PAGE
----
There were numerous gainers on Friday, led by two stocks that rose following M&A news.
Petrohawk Energy (HK) rose more than 60% after BHP Billiton (BHP) agreed to acquire the company. The companies entered into a definitive agreement for BHP Billiton to acquire Petrohawk for $38.75 per share by means of an all-cash tender offer for all of the issued and outstanding shares of Petrohawk, representing a total equity value of approximately $12.1 billion and a total enterprise value of approximately $15.1 billion, including the assumption of net debt. The Petrohawk board of directors has unanimously recommended to Petrohawk shareholders that they accept the offer.
The transaction would provide BHP Billiton with operated positions in the three world class resource plays of the Eagle Ford and Haynesville shales, and the Permian Basin. Petrohawk’s assets cover approximately 1 million net acres in Texas and Louisiana, with estimated 2011 net production of approximately 950 million cubic feet equivalent per day (MMcfe/d), or 158,000 barrels of oil equivalent per day (Mboe/d). At year-end 2010, Petrohawk reported proved reserves of 3.4 trillion cubic feet of natural gas equivalent (Tcfe). The company has a current non-proved resources base of 32 Tcfe for a total risked resource base of 35 Tcfe.
Clorox Corporation (CLX) closed 9% higher after it received an unsolicited conditional proposal from Icahn Enterprises (IEP) to acquire the company for $76.50 per share, subject to due diligence, financing and other conditions. Clorox's board of directors, in consultation with its financial and legal advisers, will review the proposal in due course.
General Moly (GMO) climbed 6% after it announced that the company, through a subsidiary, received approval of its water applications for the Mt. Hope mine. On July 15, the Nevada State Engineer issued ruling 6127 granting the company's water right applications for the use of 11,300 acre-feet annually (afa) of water for mining purposes, which will facilitate the pumping of approximately 7,000 gallons per minute. The specific water right permits are anticipated to be issued following payment of statutory fees, and, following the State Engineer's approval of a Monitoring, Management, and Mitigation Plan (3M Plan), prepared in cooperation with Eureka County, the water will be available for consumptive use.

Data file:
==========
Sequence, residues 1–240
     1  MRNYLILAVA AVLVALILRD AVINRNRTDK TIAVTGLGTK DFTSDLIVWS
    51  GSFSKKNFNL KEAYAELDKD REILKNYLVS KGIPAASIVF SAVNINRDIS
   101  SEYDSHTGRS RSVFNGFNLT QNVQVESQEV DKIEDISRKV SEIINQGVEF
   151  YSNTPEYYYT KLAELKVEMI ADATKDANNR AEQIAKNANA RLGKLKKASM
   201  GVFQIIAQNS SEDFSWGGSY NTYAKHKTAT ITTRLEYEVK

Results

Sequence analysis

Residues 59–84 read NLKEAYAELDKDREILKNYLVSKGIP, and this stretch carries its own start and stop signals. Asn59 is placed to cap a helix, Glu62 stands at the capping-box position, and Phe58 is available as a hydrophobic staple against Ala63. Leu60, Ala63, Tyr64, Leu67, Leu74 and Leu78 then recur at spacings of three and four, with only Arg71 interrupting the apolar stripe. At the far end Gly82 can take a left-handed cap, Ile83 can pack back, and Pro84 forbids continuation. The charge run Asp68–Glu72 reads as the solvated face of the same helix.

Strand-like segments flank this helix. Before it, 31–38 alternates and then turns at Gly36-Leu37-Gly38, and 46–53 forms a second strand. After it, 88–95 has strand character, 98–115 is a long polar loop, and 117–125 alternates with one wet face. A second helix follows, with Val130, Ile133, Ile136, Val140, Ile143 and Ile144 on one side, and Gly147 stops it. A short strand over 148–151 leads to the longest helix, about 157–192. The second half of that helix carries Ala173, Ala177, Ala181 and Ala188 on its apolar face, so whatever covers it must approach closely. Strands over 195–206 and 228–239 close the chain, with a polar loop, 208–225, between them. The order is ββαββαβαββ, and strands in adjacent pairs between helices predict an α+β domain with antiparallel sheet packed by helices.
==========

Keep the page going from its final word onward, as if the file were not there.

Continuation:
Coeur d`Alene Mines (CDE) rallied 7% after it announced a change in its executive officers. The company said that Mitchell Krebs was appointed as president and chief executive officer of the company. The board of directors also elected Krebs as a director and Robert E. Mellor as non-executive chairman of the board. Krebs and Mellor are succeeding Dennis Wheeler, who resigned from Coeur as president, CEO and chairman of the board on July 11. The appointments follow an exhaustive internal and external search conducted by the board as part of the company’s succession planning.
Allied Irish Banks (AIB) popped 17% after the company announced that it passed the EU bank stress tests. The result of the EBA stress test takes into account the recapitalization measures announced following the Prudential Capital Assessment Review (PCAR). The EBA methodology includes a number of differences to the methodology applied in the PCAR exercise conducted by the CBI in March 2011. The EBA stress test set a 5% Core Tier 1 capital requirement in the stress scenario, while a level of 6% was applied in PCAR. The PCAR was applied on a three-year horizon from 2011-13 compared to the two year 2011-12 timeline applied by the EBA. The EBA 2012 stress scenario expects AIB, post recapitalization, to have a Core Tier 1 capital ratio of 11.7% (including €1.4bn contingent capital). There were also additional significant methodology differences applied to AIB in the EBA stress test versus PCAR including future balance sheet size, higher risk weightings, application of higher funding costs and treatment of sovereign and bank credit losses.
The published results confirm that in all scenarios tested, AIB exceeds the EBA stress test threshold of 5% Core Tier 1 capital ratio and a significant capital surplus is evident in both the base and stress scenarios.